Pulaski County School Board discusses a possible four-day week

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PULASKI COUNTY, Va. (WFXR) — School board members with Pulaski County Public Schools are discussing the possibility of moving to a four-day instructional week, from the traditional five-day school week.

A four day instruction week may entail an added hour to the school day, and weeks may run Monday through Thursday or Tuesday through Friday, according to a presentation from Superintendent Dr. Kevin Siers on Feb. 11. Teachers may be required to report to the school on a Friday or Monday of each month for professional development and faculty meetings.

Siers said the Pulaski School Board Chairman Timothy Hurst requested research on a reduction of the school week as a way to to to attract teachers and retain current staff in the division.

“For the last twenty years education has been the whipping boys due to school choice, increase in standardized testing, and the elimination of school funding for school facilities,” Siers said.

He added, “It’s spilling over to our ability to find qualified teachers.”

He said, similar to nationwide trends and to the Southwest Virginia region, the area faces a teacher shortage.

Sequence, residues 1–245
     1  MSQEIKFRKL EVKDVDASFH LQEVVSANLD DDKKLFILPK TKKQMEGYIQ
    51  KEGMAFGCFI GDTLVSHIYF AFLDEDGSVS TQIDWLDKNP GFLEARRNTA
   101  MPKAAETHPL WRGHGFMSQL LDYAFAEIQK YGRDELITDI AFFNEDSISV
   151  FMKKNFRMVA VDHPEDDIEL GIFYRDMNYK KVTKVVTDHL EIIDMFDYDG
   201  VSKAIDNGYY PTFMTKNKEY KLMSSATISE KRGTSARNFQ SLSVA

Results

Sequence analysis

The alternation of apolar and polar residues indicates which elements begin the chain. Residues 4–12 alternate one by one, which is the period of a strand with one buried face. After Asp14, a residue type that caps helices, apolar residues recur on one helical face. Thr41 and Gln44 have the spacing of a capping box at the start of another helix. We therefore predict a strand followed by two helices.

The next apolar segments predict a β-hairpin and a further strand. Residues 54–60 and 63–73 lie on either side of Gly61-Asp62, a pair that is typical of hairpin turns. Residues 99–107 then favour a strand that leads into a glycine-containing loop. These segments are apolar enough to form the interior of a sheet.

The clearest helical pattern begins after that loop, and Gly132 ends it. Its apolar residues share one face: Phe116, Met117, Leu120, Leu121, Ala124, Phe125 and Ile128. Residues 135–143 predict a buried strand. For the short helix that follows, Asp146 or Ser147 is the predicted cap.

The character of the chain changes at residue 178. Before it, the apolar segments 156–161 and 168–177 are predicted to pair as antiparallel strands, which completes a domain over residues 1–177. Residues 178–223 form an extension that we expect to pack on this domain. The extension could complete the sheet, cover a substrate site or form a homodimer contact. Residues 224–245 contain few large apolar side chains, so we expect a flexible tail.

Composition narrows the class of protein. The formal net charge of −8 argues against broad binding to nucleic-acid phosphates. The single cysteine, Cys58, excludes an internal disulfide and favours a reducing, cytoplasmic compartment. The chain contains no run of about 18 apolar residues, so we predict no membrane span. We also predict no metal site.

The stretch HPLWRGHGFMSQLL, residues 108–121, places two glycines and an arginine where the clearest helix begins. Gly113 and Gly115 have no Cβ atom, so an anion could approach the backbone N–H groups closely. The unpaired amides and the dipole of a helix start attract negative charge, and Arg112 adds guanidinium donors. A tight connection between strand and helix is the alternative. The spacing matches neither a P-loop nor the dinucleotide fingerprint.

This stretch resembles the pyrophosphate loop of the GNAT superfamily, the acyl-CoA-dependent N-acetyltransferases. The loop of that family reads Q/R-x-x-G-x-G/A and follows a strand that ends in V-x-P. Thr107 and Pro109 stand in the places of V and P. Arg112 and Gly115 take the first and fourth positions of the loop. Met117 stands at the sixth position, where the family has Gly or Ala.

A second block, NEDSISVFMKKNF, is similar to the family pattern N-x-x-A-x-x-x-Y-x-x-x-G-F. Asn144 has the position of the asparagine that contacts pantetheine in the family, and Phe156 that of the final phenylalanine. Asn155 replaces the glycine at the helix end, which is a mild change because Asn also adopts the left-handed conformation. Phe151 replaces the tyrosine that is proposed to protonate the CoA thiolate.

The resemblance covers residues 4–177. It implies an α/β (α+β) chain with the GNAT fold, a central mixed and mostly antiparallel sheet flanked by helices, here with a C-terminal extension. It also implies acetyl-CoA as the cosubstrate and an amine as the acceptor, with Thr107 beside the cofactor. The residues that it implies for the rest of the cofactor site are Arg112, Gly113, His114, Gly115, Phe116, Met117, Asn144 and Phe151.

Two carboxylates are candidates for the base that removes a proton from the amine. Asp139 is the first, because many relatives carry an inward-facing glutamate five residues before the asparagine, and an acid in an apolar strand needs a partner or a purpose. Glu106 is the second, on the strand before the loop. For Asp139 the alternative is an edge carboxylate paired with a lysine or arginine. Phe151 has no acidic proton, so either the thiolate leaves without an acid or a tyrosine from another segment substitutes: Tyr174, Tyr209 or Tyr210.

He said there are about a dozen positions not filled by a permanent highly-qualified teacher including three special education teacher positions. Instead, positions have been filled by long term substitute teachers or retired teachers who return to the job under a special work agreement.

Hurst says that it is not a long-term solution.

According to state law, individual schools can propose a change of schedule, and a board has the authority to approve or deny the change.

Some of the advantages of a four-day instruction week discussed in the meeting were improved student and employee attendance rates, teacher recruitment and retention, cost-savings in fewer bus routes, the opportunity for students to pursue public service projects and work, and overall cost-savings from .04% to 2.5 percent, according to presentation documents.

Disadvantages of a four-day week include a lack of childcare options for younger students when school is out and fewer meals for low-income students. The presentation cited studies that suggest an increase in juvenile crime during days when school is not in session.

According to the Virginia Department of Education, 1,795 students in the division are considered economically disadvantaged, meaning they are eligible or receive free or reduced lunch at school.

He said some of the options that may be available to address disadvantaged students would be to expand the meal program to include an evening meal, and opening the cafeteria for meals when schools are closed.

The school board has scheduled Wednesday, March 4, at 6 p.m. for a community meeting to get feedback on the proposal.


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